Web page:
Confabulation isn’t just making stuff up, it’s “filling in the gaps of lost memory.” I’ve caught myself confabulating three times in the not too recent past, and it always embarrasses me when I’m “caught.” I don’t do it intentionally, I just get things mixed up, sometimes mixing up my life with historical events or scenes out of a movie.

I also manage to get short guys mixed up, so I once confused Ty Cobb with Napoleon, either imagining Cobb sliding into horses with his spikes raised high at Waterloo, or Napoleon standing at the plate in a Tigers uniform setting the record for bases on balls. When I found out that Cobb was 6′1″ tall my multi-cultural mixed-doubles confabulations stopped, but maybe had Cobb actually been at Waterloo the more than runtish Napoleon could have learned how to spike Wellington to death and avoided exile.

Speaking of “runts” and “exiles” brings to mind the Hollywood movie “Collateral” with Tom Cruise portraying a character that hated being in L.A. because it was too spread out and “disconnected,” this from a socio-pathic character whose middle name writ large was DISCONNECTED while he ran around in Jamie Foxx’s taxi-cab all night murdering government witnesses, a kind of “work” that is the ultimate expression of the “little man” complex. Since we all know that Tom isn’t Ty Cobb, the best line in the movie was made by the gangster (Javier Bardem) who had hired Tom but was talking to Jamie but thought it was Tom, when he said, “I thought you’d be taller.” It’s nice to know Hollywood leading actors can let themselves be made fun of and also end up in permanent exile on L.A.’s rapid transit at the end of a movie.

I didn’t like the movie because of the violence and horrible mindset of the Cruise character, but around the seventh viewing I started to wait for certain scenes where Tom kept slipping back and forth between being a complete, if rather cardboard, sociopath and a man of deeper merit, exposing sensitivities toward such diverse issues as “whale hugging,” labor law, jazz, motherly love, and the psychology of denial and romance–all very serious mood confabulations of sorts: “Have you joined Oxfam, Green Peace, Save the Whales? Do you know how many people died in Rwanda before sundown?” Tom lectures Jamie Foxx. “I don’t know any Rwandans…” “You don’t know the fat guy in the trunk, either.” Funny stuff.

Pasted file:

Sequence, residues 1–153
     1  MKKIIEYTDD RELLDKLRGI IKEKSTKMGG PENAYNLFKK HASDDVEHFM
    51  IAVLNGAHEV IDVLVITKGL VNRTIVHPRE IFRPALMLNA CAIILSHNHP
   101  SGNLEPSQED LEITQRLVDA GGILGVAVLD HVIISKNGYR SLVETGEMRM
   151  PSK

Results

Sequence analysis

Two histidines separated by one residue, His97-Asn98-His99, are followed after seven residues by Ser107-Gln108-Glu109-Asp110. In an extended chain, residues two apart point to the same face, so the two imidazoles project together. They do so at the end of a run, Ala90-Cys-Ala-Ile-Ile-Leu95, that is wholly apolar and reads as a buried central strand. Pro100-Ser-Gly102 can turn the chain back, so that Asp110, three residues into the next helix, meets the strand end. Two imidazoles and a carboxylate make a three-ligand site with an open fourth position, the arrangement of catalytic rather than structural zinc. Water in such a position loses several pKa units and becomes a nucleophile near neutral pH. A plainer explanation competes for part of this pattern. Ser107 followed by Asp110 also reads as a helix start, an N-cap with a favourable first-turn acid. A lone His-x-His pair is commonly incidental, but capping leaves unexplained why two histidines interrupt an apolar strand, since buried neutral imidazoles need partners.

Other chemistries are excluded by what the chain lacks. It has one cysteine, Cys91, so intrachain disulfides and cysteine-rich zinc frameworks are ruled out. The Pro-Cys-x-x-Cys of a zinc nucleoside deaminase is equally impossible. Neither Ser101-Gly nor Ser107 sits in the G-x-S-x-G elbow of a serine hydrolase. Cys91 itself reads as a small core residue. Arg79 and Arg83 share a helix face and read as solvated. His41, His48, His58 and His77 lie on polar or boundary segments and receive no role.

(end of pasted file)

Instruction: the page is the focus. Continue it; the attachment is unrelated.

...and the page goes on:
But my Oscar nomination for the best supporting actor definitely goes to the security guard outside the gangster’s dinner-dance joint, a bulked-up Nicolas Cage look-a-like who says to Jamie, “Whassup, homes?” He was bigger than Ty Cobb, corn-fed and equipped with security belt and night stick, and he had such a thorough command over his space on the sidewalk, that without menacing Jamie, he did let him know that he was out of his element, leaving Jamie to feel small and helpless.

I don’t recommend the film even though I’ve now watched it twelve times, but the photography is excellent, as is the music, and that’s no confabulation.